I've spent the last couple days reading studies and articles on the changing attitudes towards parking policies and zoning regulations, in favor of encouraging sustainability, walkability, and public transit. The case is made over and over again that parking is artificially cheap in big cities--particularly in Chicago--because of the way zoning regulations are written requiring parking be allocated as a ratio to square footage, and the general nature of parking meter costs (i.e., they aren't priced by market forces).

The idea is parking should be more expensive to make it more available (i.e., it'll be easier to find a spot), and to encourage people to make "active transportation" choices. Ideally, the increased revenues generated would be put directly into promoting bikeability and walkability as well as public transportation. This would need to be matched with zoning regulations that take away the incentive to build parking structures that encourage sprawl.

So my question to you all is: should the City of Chicago pursue a policy of making parking prohibitively expensive for most people in order to encourage "better" behavior? Should we encourage "the market" to determine parking costs?

Or would that just piss you off?

Ramsin Canon / Comments (9)

Education Thu Mar 04 2010

City Hall, Teachers Union Showdown: It's Complicated

The Chicago Teachers Union pension is statutorily separate from that of the rest of Illinois teachers, and for years performed better. The pension has performed poorly recently, and schools CEO Ron Humberman--a Daley lieutenant who ran the CTA for the Mayor after stints at the Police Department and emergency services--has been talking tough about the need for a drastic overhaul of how the pension is funded.

According to schools monitor Catalyst,

Last week, CEO Ron Huberman started his doomsday budget press conference by saying, "You are going to hear me talk a lot about the pension."

Pension costs have long been an issue for CPS, and costs have now skyrocketed to $587 million--three times what the district was required to pay into the teacher's pension fund just three years ago.

As a quick fix, Huberman hopes to convince lawmakers to simply reduce Chicago's additional payment by about $300 million, which would cut the nearly $1 billion deficit by about a third.

To stem the problem, various solutions have been proposed: higher employee contributions, raising property taxes, or rediverting the money in the city's enormous tax increment financing (TIF) districts back to the schools (the bulk of those funds were originally supposed to go to schools). Given that the Mayor's administration has performed dazzling feats of privatization in order to avoid raising taxes (or the appearance of raising taxes) employee give backs are the only tool available that can cut into the deficits the district faces. Typically, the CTU has been pretty easy to tame.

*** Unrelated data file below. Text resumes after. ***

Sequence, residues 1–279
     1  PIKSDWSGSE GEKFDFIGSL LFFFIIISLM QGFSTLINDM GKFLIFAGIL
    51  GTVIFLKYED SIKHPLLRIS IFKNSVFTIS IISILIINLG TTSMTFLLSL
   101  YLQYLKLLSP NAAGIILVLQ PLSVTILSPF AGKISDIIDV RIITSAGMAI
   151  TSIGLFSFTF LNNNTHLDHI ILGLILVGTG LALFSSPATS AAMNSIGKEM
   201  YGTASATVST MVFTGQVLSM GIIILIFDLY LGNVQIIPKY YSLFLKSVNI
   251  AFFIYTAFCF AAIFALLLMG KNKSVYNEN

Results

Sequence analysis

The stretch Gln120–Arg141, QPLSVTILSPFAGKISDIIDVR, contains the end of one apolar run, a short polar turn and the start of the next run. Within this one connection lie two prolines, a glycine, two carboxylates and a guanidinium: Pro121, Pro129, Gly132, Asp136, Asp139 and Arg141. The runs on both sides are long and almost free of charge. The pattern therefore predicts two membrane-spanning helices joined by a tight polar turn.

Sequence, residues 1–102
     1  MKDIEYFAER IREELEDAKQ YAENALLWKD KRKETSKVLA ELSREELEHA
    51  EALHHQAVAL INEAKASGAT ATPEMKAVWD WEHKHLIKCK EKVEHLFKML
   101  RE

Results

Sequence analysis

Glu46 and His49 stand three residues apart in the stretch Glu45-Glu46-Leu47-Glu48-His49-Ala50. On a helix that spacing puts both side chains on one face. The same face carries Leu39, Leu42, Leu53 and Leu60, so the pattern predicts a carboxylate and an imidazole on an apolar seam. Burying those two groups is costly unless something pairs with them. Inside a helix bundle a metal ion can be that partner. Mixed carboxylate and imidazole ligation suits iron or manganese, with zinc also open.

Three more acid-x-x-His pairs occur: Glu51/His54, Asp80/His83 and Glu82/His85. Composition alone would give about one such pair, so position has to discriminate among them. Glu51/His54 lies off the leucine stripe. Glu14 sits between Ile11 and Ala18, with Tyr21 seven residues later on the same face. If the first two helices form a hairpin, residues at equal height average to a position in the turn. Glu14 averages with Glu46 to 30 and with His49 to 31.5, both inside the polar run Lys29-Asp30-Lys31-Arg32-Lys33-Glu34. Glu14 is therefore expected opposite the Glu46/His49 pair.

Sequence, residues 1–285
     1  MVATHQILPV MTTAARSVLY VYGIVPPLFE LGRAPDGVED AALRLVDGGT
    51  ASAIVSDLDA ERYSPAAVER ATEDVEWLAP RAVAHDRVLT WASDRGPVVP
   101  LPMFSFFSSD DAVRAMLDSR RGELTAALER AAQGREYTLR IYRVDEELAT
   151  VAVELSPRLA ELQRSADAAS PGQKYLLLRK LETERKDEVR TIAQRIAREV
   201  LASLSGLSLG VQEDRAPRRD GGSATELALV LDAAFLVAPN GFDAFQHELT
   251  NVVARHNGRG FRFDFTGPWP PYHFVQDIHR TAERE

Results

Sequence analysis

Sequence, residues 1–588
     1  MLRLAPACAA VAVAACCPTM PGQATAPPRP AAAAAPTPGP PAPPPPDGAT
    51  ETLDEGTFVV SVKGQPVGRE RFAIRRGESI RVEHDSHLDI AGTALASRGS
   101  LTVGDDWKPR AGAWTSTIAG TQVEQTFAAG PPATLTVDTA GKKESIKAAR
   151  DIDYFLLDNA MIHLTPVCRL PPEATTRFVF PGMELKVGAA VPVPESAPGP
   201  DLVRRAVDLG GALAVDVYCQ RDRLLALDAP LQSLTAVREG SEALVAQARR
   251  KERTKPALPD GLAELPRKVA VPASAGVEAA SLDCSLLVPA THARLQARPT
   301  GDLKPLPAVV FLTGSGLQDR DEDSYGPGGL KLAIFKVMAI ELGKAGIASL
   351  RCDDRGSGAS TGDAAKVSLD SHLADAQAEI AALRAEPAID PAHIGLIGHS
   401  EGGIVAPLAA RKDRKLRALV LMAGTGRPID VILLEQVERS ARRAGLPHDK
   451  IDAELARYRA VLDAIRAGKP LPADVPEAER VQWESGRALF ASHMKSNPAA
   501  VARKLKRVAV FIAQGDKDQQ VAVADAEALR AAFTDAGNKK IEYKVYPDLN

This year, however, may be different.

Catalyst notes, as Greg Hinz did earlier this week, that the effort by City Hall to change the pension funding system could be complicated by internal union politics.

Catalyst:

Stewart faces a tough re-election campaign this spring. In fact, her union caucus recently lost two seats on the Pension Board to the new, hard-line caucus called CORE (the Caucus of Rank and File Educators). It was a major victory for CORE, whose members say the Pension Board needs better watchdogs to protect it from a cash-starved district administration and prevent mismanagement. CORE still lacks a majority on the Pension Board, however.

CORE is but one of several opposition caucuses; former insurgent CTU president Deborah Lynch heads PACT; ousted former Vice President Ted Dallas is associated with the CSDU. Several other smaller groups are also clamoring for change.

Stewart is regularly accused of being too close to the Mayor and too unwilling to stand up to him on issues like Renaissance 2010 and the draconian "turnarounds" that have costs so many teachers their jobs and so many students needed stability. The prospect of losing the presidency of the 30,000+ member CTU may just be what is needed to stiffen her spine.

Similarly, the prospect of a hard line causing a more adversarial caucus to take power in the union leading up to his reelection in 2011 may be giving the Mayor pause in his effort to dismantle the public school system as the centerpiece of his urban education "revolution". The union election is in May. Keep a wary eye on the maneuvering between now and then.